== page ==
Fonterra is conducting an internal review but denies any wrongdoing after Chinese police arrested 19 people in Shanghai for selling around 300 tonnes of the company's expired milk powder.

The suspects were allegedly managing a company, which was packaging expired products of Fonterra - one of the most popular brands in China - into smaller packages for resale below market prices, according to the Shanghai Daily.

Fonterra spokeswoman Maree Wilson said none of the people arrested were Fonterra employees, contractors nor associated with the company.

Jacqueline Rowarth, agribusiness professor at Waikato University, told Newstalk ZB's Early Edition that the Fonterra brand can remain strong through the scandal.


"Fonterra is right to be coming out quickly saying it condemns [the activity]."

Rowarth said Chinese people are very concerned about food safety and it could be an opportunity to push New Zealand-packaged milk powder.

"Wouldn't it be great if we could do the high quality high packaging here. It's an opportunity for Fonterra to be out there really promoting New Zealand's image."

After a months-long investigation, the police discovered that one of the suspects sold the expired products to another company, who in turn allegedly resold almost 200 tonnes to distributors in Shanghai and in the Jiangsu, Henan and Qinghai provinces, who sold them on e-commerce platforms or in wholesale.

The authorities have seized 100 tonnes of these products and have shut down the websites selling them.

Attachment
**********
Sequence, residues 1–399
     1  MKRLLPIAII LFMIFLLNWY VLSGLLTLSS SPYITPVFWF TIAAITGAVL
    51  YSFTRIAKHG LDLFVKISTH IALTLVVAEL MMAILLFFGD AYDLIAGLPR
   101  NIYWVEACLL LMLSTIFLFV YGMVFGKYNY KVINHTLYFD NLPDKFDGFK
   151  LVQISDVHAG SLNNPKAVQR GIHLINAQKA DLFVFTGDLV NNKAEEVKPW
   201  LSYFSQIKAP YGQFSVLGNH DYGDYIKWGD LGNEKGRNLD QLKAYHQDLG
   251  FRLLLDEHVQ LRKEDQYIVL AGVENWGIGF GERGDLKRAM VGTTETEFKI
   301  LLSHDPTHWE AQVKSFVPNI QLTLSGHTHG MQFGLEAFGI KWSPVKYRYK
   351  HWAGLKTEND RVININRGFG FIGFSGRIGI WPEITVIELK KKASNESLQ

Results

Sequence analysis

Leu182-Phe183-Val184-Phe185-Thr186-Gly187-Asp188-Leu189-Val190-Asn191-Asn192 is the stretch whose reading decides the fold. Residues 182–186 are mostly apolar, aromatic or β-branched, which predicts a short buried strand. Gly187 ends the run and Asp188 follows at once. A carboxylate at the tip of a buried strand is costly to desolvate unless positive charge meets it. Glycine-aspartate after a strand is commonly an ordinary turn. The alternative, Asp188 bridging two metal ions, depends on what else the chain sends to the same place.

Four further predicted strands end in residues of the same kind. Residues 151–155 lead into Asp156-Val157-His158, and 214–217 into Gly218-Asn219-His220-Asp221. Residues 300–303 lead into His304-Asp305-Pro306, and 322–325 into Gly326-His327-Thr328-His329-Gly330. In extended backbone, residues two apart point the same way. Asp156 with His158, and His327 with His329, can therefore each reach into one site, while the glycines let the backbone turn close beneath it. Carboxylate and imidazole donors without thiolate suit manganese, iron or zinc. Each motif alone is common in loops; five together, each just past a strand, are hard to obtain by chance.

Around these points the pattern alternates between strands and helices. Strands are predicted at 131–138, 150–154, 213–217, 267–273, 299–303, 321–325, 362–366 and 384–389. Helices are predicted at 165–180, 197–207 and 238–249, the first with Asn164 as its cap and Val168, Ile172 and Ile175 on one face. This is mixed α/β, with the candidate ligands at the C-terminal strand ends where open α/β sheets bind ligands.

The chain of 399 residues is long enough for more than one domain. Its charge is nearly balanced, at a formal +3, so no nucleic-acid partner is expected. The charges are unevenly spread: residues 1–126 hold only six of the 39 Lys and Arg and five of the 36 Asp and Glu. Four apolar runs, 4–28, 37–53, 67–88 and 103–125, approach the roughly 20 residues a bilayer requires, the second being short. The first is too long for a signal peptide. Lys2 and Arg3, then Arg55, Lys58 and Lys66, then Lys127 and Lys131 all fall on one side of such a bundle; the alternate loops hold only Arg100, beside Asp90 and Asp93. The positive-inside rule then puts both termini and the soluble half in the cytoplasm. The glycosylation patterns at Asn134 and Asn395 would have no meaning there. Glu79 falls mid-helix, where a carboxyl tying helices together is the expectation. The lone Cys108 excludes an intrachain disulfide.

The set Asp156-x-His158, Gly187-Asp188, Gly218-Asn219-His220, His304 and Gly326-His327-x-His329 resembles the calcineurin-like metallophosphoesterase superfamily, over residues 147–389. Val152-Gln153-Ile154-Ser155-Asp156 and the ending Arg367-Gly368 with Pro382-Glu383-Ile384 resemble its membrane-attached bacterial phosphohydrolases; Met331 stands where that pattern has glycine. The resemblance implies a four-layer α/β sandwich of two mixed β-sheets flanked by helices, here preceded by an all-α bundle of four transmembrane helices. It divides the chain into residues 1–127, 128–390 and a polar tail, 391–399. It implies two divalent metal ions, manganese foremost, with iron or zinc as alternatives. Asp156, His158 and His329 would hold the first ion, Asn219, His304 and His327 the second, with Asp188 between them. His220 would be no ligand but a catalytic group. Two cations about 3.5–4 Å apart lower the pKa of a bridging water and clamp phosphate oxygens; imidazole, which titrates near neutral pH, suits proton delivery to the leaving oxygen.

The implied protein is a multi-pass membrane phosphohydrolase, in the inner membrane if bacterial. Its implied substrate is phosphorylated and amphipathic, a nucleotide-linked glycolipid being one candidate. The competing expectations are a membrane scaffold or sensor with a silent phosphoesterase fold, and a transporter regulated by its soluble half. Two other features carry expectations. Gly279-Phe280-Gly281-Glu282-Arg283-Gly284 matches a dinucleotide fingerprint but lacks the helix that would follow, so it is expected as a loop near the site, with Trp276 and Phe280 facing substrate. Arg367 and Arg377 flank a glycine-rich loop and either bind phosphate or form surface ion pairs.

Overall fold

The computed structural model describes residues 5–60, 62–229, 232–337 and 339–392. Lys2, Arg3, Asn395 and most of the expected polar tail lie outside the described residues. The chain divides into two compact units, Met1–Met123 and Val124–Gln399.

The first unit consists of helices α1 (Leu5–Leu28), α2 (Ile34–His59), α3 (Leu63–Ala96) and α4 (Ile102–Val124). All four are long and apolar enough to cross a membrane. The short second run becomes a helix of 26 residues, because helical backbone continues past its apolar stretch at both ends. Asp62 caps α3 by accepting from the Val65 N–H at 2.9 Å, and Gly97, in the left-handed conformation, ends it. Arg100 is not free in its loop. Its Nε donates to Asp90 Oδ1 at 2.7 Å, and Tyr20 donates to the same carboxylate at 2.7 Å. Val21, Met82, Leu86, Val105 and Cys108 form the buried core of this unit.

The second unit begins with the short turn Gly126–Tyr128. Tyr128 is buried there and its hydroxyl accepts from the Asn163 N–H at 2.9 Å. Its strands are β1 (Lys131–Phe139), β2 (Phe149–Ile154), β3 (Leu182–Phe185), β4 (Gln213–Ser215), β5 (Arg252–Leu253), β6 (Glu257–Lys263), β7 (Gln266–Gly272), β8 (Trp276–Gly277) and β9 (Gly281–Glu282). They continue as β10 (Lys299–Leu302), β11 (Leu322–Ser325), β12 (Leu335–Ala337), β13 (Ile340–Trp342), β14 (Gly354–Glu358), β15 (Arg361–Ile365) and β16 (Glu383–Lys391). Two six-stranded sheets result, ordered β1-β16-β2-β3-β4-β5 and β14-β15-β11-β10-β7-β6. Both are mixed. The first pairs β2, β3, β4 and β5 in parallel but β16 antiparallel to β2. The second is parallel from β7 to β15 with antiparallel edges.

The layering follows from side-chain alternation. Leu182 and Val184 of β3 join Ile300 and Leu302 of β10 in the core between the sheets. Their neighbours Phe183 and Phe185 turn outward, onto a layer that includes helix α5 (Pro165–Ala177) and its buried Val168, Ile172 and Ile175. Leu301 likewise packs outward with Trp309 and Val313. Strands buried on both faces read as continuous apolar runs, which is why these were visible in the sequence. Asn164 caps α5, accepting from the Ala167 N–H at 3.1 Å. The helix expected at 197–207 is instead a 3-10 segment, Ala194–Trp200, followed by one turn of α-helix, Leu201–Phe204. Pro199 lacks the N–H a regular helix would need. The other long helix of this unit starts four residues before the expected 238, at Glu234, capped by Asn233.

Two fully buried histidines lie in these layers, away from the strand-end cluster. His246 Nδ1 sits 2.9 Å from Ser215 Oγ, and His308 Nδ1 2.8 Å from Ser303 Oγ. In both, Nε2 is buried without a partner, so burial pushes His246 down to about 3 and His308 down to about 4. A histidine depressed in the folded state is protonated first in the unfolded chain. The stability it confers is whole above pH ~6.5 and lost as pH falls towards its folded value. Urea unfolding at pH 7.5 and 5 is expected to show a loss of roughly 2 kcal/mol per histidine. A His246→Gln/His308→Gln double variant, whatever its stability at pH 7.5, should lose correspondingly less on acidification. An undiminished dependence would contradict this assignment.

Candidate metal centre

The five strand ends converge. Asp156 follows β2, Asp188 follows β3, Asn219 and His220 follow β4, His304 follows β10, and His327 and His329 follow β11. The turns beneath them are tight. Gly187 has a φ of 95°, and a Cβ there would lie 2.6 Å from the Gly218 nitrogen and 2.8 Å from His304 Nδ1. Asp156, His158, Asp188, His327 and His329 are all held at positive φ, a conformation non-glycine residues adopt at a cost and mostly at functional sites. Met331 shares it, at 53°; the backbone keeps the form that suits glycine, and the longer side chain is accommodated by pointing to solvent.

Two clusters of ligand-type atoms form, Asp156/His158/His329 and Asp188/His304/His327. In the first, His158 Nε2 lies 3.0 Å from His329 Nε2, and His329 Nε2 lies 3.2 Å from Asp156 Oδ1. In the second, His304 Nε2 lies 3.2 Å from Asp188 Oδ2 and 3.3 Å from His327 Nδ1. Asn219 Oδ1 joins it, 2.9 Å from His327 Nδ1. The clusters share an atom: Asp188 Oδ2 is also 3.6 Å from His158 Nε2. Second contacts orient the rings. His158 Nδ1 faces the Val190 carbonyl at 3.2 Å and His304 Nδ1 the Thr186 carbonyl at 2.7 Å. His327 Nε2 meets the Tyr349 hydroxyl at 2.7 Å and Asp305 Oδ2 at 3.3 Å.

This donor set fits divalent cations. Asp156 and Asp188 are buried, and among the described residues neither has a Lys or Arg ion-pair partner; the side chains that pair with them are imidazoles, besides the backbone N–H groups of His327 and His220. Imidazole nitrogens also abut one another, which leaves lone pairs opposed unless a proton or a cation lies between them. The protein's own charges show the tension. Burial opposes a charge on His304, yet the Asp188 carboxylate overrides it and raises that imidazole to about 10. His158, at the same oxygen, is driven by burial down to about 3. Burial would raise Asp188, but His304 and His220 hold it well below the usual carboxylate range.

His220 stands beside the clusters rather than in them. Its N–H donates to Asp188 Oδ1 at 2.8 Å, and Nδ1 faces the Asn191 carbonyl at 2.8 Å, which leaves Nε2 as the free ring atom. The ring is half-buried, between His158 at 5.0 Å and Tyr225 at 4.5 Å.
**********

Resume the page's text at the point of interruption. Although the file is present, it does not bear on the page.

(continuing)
Rowarth said the expiration date was more like a best before date and the milk powder would unlikely be dangerous to health.

"It's not likely, if it was [stored] dry, to be growing anything unpleasant," she said.

Fonterra spokeswoman Maree Wilson said it was not aware of the exact details of the situation.


"The exact details are unclear in the media reports we have seen to date," she said.

"Chinese officials have stated in the media that several different parties are allegedly involved in this case.

"Fonterra provides guidelines to the customers we sell products to directly on how expired or damaged product should be managed in a responsible way and we expect these to be adhered to. In this case, it seems the issues have occurred much further along the supply chain, not with a direct customer."

Wilson said Fonterra are "confident our systems are robust but we are reviewing the case internally which is part of our normal process to ensure our systems are working as they should be".

ASB rural economist Nathan Penny told Mike Hosking Breakfast that the issue appeared to be past Fonterra's point of control.

"It does appear it is mainly an issue for chinese authorities to clear up. Fonterra's got a lot of product out there and it can't control everything."

It's the latest scandal to hit China's beleaguered food industry, where food safety incidents, including sale of adulterated or expired products have been on the rise.

The dairy sector has been among the worst affected by such incidents.

In 2008, six babies died and 300,000 were affected by melamine-contaminated baby milk powder produced in China, prompting many Chinese citizens to begin turning to foreign milk products.

- with AAP